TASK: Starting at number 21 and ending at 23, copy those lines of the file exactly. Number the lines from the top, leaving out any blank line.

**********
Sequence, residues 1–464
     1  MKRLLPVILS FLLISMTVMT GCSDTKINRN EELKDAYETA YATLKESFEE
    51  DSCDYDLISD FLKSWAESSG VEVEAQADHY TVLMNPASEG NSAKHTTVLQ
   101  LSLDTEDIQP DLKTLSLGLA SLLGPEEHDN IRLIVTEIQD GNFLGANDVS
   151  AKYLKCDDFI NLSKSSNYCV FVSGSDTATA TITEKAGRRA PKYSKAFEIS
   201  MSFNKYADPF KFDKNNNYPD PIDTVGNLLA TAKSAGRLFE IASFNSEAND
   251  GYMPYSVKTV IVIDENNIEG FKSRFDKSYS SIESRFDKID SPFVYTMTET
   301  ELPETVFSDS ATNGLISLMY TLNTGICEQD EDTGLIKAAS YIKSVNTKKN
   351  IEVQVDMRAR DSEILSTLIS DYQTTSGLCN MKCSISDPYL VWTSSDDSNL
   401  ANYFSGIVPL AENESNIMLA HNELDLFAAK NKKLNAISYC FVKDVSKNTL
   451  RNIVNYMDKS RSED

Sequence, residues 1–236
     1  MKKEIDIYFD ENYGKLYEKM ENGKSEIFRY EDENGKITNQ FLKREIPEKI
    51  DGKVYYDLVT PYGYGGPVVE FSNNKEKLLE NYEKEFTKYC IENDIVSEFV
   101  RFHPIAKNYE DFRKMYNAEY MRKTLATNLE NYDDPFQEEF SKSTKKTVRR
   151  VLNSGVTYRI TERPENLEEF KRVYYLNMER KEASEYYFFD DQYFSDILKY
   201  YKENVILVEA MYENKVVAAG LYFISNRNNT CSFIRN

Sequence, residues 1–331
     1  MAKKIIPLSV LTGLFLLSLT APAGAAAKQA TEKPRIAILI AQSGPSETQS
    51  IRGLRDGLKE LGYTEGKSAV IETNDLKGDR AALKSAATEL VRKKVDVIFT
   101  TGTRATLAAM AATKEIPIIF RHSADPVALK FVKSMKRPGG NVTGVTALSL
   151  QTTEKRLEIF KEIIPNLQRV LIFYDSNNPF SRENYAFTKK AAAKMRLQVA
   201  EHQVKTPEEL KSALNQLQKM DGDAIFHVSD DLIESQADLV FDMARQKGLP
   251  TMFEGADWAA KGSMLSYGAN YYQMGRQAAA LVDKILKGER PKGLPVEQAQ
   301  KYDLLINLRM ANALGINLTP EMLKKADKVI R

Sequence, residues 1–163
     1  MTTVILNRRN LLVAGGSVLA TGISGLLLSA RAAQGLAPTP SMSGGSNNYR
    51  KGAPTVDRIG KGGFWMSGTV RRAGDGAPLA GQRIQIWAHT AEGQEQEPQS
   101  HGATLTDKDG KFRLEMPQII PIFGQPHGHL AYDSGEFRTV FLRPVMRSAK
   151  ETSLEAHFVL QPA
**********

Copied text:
   101  TGTRATLAAM AATKEIPIIF RHSADPVALK FVKSMKRPGG NVTGVTALSL
   151  QTTEKRLEIF KEIIPNLQRV LIFYDSNNPF SRENYAFTKK AAAKMRLQVA
   201  EHQVKTPEEL KSALNQLQKM DGDAIFHVSD DLIESQADLV FDMARQKGLP